Cigars and cheroots: U.S. imports of cigars and cheroots from the CBERA beneficiaries increased by 100.3 percent in 1996 and totaled $166.4 million. U.S. imports from the CBERA beneficiaries accounted for over 89 percent of all U.S. imports of these items in 1996. Almost all of this ($161.8 million) entered CBERA duty-free. U.S. imports of these items from CBERA beneficiaries that were eligible for CBERA but not for GSP duty-free treatment totaled $119.3 million in 1996, $116.4 million of which entered duty-free under CBERA. CBERA duty-free U.S. imports of cigars and cheroots, which were eligible for CBERA but not for GSP, increased 103.9 percent in 1996 and accounted for over 62 percent of total U.S. imports of these items from all sources in 1996. The largest CBERA duty-free item not eligible for GSP was cigars (valued over $0.23 each) from the Dominican Republic which had lost eligibility for this item by exceeding the competitive need limits for this item under the GSP program.
U.S. employment in the cigar and cheroots industry was 8,000 in 1979 but has been declining steadily at an average annual rate of 6.2 percent since that time. During 1996, employment increased by 300 to 2,700 and has recovered to its 1990 level after several years of losses in the early 1990s. U.S. imports from the CBERA beneficiaries did not increase substantially during the years when U.S. employment declines were significant in this industry, and during the 1994 to 1996 period when significant increases occurred in CBERA duty-free imports, U.S. employment in this industry increased by 600. As a result, it is especially difficult to associate changes in U.S. employment in this industry with increases in imports from CBERA beneficiaries since the significant changes in each have occurred during different points in time. Given the recent employment increases in this industry, the benefits provided by the CBERA do not appear to be creating any current adjustment problem for this industry.
Industrial organic chemicals: U.S. imports of CBERA industrial organic chemicals increased by $52 million (29.3 percent) to $230 million in 1996; $142 million of this entered CBERA duty free and most ($138 million) were items not eligible for GSP. Of the CBERA-free imports not eligible for GSP, $67 million was methanol from Trinidad and Tobago which has lost GSP eligibility by exceeding the competitive need limits; the remaining items were not eligible for GSP and were primarily ethyl alcohol and trifluralin. The CBERA beneficiaries accounted for 2.0 percent of total U.S. imports of industrial organic chemicals.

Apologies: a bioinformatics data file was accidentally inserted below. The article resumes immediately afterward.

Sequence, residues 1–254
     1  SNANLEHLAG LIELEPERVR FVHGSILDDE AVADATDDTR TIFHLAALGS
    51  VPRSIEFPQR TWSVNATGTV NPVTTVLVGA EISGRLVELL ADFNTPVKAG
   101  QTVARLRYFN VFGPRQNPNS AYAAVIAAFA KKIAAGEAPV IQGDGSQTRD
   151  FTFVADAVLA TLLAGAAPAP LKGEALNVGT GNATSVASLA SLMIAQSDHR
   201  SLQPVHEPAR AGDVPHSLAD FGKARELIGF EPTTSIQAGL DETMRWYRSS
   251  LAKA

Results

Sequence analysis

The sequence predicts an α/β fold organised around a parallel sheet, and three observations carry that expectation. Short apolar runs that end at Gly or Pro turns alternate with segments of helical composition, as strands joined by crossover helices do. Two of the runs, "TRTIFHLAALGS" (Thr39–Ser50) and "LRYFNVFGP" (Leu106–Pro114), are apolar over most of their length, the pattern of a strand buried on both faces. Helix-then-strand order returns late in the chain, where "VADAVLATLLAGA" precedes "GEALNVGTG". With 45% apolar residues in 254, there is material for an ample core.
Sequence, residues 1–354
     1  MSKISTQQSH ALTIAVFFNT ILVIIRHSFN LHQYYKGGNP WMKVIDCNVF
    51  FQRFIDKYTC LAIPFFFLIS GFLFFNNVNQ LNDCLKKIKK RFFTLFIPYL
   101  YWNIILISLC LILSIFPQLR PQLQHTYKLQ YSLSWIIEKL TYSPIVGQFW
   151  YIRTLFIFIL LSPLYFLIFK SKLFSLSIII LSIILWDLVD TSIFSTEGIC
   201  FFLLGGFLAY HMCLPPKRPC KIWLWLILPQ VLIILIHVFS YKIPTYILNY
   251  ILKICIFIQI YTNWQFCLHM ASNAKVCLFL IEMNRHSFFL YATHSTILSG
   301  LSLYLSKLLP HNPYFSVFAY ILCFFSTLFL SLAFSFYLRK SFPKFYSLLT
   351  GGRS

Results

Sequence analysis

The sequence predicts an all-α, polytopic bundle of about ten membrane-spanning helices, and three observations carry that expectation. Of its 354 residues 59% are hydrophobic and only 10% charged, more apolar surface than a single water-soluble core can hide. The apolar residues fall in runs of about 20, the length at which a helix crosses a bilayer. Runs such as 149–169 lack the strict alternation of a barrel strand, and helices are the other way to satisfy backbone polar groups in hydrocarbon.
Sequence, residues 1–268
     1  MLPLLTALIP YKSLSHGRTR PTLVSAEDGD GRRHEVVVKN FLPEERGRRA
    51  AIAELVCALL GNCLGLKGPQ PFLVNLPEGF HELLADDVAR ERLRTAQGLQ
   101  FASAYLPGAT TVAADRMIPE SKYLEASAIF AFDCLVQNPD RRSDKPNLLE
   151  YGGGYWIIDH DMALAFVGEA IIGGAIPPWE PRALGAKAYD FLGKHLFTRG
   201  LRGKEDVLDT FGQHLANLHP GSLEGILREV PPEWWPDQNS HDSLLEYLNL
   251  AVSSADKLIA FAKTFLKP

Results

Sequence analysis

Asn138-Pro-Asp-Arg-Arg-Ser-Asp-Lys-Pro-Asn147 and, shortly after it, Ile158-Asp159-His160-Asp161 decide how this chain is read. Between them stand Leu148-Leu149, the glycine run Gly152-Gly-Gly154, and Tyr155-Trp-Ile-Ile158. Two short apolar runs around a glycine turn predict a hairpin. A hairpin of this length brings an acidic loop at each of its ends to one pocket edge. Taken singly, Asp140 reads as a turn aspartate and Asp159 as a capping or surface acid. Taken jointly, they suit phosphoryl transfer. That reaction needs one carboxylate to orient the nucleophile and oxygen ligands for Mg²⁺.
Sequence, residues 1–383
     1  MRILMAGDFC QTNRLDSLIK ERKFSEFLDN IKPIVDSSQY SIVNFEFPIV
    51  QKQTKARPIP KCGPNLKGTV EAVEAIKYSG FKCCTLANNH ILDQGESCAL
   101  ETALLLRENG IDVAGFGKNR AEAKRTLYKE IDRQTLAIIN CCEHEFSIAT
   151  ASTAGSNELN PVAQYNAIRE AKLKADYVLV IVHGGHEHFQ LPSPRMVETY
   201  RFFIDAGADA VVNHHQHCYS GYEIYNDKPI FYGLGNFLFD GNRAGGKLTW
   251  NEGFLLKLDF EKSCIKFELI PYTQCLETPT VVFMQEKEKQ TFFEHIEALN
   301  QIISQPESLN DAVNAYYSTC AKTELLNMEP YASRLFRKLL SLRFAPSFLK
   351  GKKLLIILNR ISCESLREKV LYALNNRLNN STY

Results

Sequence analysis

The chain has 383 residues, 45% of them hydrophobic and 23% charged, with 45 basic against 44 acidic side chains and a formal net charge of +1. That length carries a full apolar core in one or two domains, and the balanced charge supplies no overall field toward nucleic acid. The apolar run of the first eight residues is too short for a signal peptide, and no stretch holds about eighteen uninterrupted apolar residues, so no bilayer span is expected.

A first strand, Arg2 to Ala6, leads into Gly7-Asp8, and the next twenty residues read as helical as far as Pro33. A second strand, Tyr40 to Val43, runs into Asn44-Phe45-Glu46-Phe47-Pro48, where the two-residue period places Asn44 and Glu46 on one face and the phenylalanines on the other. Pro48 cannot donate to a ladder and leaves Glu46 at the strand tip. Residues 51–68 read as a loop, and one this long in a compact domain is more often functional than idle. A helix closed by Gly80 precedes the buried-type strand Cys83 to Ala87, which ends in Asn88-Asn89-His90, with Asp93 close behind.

U.S. employment in the industrial organic chemicals industry declined by 2,100 (1.4 percent) to 143,800 in 1996. This decline was consistent with the long-term trend in this industry as employment has declined by a yearly average of 1.0 percent since 1979 and 1.2 percent since 1990. Given the very small percentage of CBERA-free imports in total U.S. imports of industrial organic chemicals and the relatively stable (although decreasing) employment in this industry, it does not appear that the CBERA program has resulted in any adjustment problem for this industry.
Leather cut for shoes: In three of the previous four annual reviews, it was determined that the CBERA may have been a contributing factor in the secular decline of the leather cut for shoes industry. U.S. imports of these items from the CBERA beneficiaries increased from $146.7 million in 1991 to $255.6 million in 1994 before falling to $203.4 million in 1995. During 1996, however, CBERA-beneficiaries exports to the United States of these items increased from $203.8 million to $215.0 million and accounted for 50.9 percent of total U.S. imports of these items. Over $211 million entered CBERA duty-free; $203.2 million under the regular CBERA provisions and $8.0 million under Section 222 of which $1.3 million was CBERA value-added. Total unique CBERA benefits received by the CBERA beneficiaries for these items (non-GSP items entered CBERA duty-free or CBERA value-added under Section 222) had increased rapidly, growing from $0.1 million in 1991, to $138.9 million in 1992, to $170.0 million in 1993, and to $215.7 million in 1994, then fell to $174.2 million in 1995 before increasing to $184.4 million in 1996. Of this $184.4 million in unique CBERA benefits, $177.1 million were imports from the Dominican Republic of footwear uppers (HTS item 6406.10.65); the Dominican Republic lost GSP eligibility for this item by exceeding the competitive need limits. The U.S. International Trade Commission estimated in 1995 that CBERA imports accounted for 13.1 percent of total U.S. apparent consumption (imports plus domestic production less exports) of this specific HTS item.